The GeoEvent Server team maintains sample servers which expose both simulated and live data via stream services. For this write-up I will use publicly available services from the following ArcGIS REST Services Directory:
This write-up assumes you have set up a base ArcGIS Enterprise and have included ArcGIS GeoEvent Server as an additional server role in your solution architecture. I will use a deployment which has the base ArcGIS Enterprise and GeoEvent Server installed on a single machine.
Your goal is to receive feature records, formatted as Esri Feature JSON, from an ArcGIS Server stream service. You could, of course, simply add the stream service to an ArcGIS Enterprise portal web map as a stream layer. For this write-up, however, we will look at the steps a custom client must perform to discover the WebSocket associated with a stream service and subscribe to begin receiving data broadcast by the service.
Stream Service Discovery
It is important to recognize that the GIS server hosting a stream service may be on a different server machine than GeoEvent Server. A stream service is discoverable via the ArcGIS Server REST Services Directory, but the WebSocket used to broadcast feature records is run from within the JVM (Java Virtual Machine) used to run GeoEvent Server. If your ArcGIS Enterprise portal and GeoEvent Server have been deployed on separate machines client applications will need to be able to access both servers to discover the stream service and subscribe to the stream service's WebSocket.
If you browse to the ArcGIS REST Services Directory mentioned above you should see a list of available services highlighted below:
Let’s examine how a client application might subscribe to the LABus stream service. First, the client will need to acquire a token which it will append to its request to subscribe to the stream service’s WebSocket. The WebSocket’s base endpoint is shown on the stream service’s properties page. The token you need is included in the stream service’s JSON specification.
- Click the LABus stream service to open the service's properties page.
- In the upper-left corner of the LABus properties page, click the JSON link
to open the stream service's JSON specification.
- Scroll to the bottom of the LABus stream service’s JSON specification page and locate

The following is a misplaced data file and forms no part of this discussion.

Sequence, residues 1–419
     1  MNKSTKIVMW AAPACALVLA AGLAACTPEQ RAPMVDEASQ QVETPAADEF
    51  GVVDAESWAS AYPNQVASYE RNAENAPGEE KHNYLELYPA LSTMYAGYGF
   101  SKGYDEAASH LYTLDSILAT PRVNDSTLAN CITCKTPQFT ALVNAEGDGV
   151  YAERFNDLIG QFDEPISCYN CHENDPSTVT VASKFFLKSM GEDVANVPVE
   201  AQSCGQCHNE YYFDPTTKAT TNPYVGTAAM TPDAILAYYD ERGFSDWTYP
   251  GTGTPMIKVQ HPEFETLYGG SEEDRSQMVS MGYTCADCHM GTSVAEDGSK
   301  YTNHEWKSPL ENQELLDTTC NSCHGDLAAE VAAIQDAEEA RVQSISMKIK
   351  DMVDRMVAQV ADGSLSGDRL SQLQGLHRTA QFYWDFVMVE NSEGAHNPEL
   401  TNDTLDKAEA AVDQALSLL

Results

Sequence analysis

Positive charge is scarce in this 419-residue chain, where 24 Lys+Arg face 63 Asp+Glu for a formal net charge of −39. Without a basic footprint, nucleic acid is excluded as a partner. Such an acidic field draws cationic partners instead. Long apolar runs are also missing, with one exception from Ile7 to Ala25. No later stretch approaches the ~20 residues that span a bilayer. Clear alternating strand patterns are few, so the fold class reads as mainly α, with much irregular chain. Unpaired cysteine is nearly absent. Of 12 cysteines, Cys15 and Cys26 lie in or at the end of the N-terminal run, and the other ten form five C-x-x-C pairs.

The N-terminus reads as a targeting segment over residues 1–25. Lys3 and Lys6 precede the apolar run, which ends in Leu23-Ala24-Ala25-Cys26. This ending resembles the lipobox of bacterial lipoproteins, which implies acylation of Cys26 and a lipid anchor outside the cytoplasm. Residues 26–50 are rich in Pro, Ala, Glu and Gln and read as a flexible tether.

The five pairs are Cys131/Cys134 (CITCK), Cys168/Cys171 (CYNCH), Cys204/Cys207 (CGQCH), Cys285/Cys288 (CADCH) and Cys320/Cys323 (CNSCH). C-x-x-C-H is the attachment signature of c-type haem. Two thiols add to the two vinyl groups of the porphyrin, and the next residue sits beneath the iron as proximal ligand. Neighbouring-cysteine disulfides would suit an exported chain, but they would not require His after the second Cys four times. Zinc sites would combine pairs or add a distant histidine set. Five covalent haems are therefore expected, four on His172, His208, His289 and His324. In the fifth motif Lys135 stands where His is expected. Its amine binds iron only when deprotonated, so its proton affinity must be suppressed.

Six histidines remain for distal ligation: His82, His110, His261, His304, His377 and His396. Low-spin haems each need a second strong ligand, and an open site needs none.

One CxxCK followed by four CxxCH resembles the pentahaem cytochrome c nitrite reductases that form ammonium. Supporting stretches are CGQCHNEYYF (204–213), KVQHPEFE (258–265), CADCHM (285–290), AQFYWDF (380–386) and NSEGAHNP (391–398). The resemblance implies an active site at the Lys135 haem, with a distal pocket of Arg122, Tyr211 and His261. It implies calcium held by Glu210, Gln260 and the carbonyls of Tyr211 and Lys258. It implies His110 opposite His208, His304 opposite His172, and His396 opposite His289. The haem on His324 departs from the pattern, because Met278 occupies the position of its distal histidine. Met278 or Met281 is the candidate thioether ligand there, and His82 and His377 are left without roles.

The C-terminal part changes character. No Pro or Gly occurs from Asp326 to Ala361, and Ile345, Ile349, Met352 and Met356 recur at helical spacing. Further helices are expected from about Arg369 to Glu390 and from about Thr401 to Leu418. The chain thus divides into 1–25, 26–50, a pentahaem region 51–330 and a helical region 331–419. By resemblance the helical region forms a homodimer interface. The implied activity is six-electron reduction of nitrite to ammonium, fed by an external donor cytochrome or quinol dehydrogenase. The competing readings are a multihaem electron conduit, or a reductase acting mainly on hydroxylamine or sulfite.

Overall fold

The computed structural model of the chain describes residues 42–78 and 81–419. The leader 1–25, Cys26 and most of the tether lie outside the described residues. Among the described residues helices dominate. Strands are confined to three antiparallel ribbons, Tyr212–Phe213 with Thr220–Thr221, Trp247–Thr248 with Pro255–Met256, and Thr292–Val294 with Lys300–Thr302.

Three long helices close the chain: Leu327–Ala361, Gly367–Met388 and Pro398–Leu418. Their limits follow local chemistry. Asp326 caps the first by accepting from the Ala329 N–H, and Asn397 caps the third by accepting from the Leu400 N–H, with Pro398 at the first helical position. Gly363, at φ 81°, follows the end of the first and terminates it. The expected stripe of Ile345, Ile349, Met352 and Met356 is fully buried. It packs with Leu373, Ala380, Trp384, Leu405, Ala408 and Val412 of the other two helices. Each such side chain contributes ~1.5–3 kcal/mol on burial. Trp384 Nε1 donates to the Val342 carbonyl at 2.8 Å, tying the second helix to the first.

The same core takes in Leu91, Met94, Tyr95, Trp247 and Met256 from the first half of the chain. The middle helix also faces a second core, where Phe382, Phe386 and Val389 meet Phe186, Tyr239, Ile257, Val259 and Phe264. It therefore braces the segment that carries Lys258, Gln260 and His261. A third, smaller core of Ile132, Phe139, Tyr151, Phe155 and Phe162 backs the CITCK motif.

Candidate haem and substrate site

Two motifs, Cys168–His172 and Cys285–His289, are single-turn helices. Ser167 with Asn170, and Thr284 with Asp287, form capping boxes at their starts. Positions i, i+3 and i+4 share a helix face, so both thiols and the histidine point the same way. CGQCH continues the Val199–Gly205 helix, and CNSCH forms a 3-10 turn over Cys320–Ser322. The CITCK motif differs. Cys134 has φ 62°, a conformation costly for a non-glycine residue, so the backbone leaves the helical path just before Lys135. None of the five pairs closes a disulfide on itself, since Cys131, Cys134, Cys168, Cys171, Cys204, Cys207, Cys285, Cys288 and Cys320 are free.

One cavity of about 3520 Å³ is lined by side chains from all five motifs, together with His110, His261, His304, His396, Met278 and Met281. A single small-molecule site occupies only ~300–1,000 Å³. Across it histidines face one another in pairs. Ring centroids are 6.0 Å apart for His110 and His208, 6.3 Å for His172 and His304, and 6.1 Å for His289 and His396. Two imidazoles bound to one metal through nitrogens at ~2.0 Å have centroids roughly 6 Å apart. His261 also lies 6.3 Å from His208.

the stream service’s subscription token.
Client applications will need to construct a subscription request which includes both the WebSocket URL and the stream service’s subscription token as a query parameter. The format of the request is illustrated below; make sure to include subscribe in the request:
Client Subscription Examples
The website websocket.org offers a connection test you can use to verify the subscription request you expect your client application will need to construct. Browse to http://websocket.org and select DEMOS > Echo Test from the menu. Paste the subscription request with the stream service’s WebSocket URL and token into the Location field and click Connect. The websocket.org client should be able to reach the GeoEvent Server sample server and successfully subscribe to the service’s WebSocket. Esri feature records will be displayed for the Los Angeles Metro buses in the Log window.
websocket.org Echo Test
You can also configure an input connector in GeoEvent Server to subscribe to the LABus stream service.
- Log in to GeoEvent Manager.
- Add a new Subscribe to an External WebSocket for JSON input.
- Enter a name for the input.
- Paste the constructed subscription request to the Remote server WebSocket URI property.
- Allow the input to create a GeoEvent Definition for you.
Do not configure the input to use event attribute values to build a geometry. The records being broadcast by the stream service are Esri feature records, formatted as Esri Feature JSON, which include attributes and geometry as separate values in an event record hierarchy.
Save the new input and navigate to the Monitor page in GeoEvent Manager – you should see your input’s event count increase as event records are received.
You can now incorporate the input into a GeoEvent Service and use filters and/or processors to apply real-time analytics on the event records being ingested. You might, for example, create a GeoEvent Definition with a simpler structure, tag the id field as the TRACK_ID, and use a Field Mapper Processor to flatten the hierarchical structure of each event record received so that you can send them to a TCP/Text output for display using GeoEvent Logger.
Hopefully the examples and illustrations in this write-up are helpful in guiding you through the discovery of stream services, their properties, and how you can use external clients – or configure GeoEvent Server inputs – to receive the feature records that are being broadcast.